The risk for cancer, and particularly cancer of the nasal cavities and paranasal sinuses, among woodworkers has been investigated in many epidemiological studies. Some of the studies provided specific information on cancer risk associated with exposure to wood dust, and those studies were given greatest weight in the evaluation.
Most of the available cohort and case-control studies of cancer of the nasal cavities and paranasal sinuses have shown increased risks associated with exposure to wood dust. These findings are supported by numerous case reports. Very high relative risks for adenocarcinoma at this site, associated with exposure to wood dust, have been observed in many countries, particularly in Europe. The lower risks observed in the studies in the United States may be due to differences in concentration or type of wood dust, but in one of these studies the more heavily exposed groups had significantly increased risks. A pooled analysis of 12 case-control studies revealed a clearly increasing risk with increasing estimated levels of exposure to wood dust, overall and in most individual studies. The excess appears to be attributable to wood dust per se, rather than to other exposures in the workplace, since the excess was observed in various countries during different periods and among different occupational groups, and because direct exposures to other chemicals do not produce relative risks of the magnitude associated with exposure to wood dust.
Adenocarcinoma of the nasal cavities and paranasal sinuses is clearly associated with exposure to hardwood dust; in several series of cases of adenocarcinoma from different countries, a high proportion of cases had been exposed to hardwood, and these findings were confirmed in several case-control studies as well. There were too few studies of any type to evaluate cancer risks attributable to exposure to softwood alone. In the few studies in which exposure was primarily to softwood, the risk for cancer of the nasal cavities and paranasal sinuses was elevated but considerably lower than that in studies of exposure to hardwood or to mixed wood types; furthermore, in the studies of exposure to softwood, exposure to hardwood could not clearly be ruled out. It is more difficult to attribute excess risk to any particular species of wood. The concentration of wood dust and the duration of exposure may also contribute to differences in the risks of workers exposed to different types of wood. These studies consistently indicate that occupational exposure to wood dust is causally related to adenocarcinoma of the nasal cavities and paranasal sinuses.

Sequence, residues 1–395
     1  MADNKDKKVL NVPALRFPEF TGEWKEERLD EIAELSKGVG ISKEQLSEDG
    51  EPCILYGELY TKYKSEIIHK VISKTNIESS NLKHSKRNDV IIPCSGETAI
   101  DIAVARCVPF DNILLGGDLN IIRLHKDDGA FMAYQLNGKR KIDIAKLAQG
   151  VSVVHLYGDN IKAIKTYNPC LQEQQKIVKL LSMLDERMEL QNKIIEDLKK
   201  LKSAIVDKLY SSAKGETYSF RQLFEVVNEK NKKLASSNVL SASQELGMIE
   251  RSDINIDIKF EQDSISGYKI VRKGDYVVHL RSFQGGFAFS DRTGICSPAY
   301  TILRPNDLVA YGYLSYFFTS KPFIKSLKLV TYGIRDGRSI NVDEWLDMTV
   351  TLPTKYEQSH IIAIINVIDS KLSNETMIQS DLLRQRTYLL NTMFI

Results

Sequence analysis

In studies of squamous-cell carcinoma of the nasal cavities and paranasal sinuses, smaller excesses were generally reported than for adenocarcinomas, and a pooled analysis of 12 case-control studies found no association with exposure to wood dust.
A number of case-control studies on nasopharyngeal cancer have reported an association with employment in wood-related occupations; however, confounding was not ruled out from these studies, and the largest study, from Denmark, in which exposure to wood dust was estimated, did not confirm the association. Case-control studies of laryngeal cancer consistently showed an association with exposure to wood dust or woodworking; however, cohort studies of woodworkers gave consistently negative results. Overall, these studies provide suggestive but inconclusive evidence for a causal role of occupational exposure to wood dust in cancers of the nasopharynx.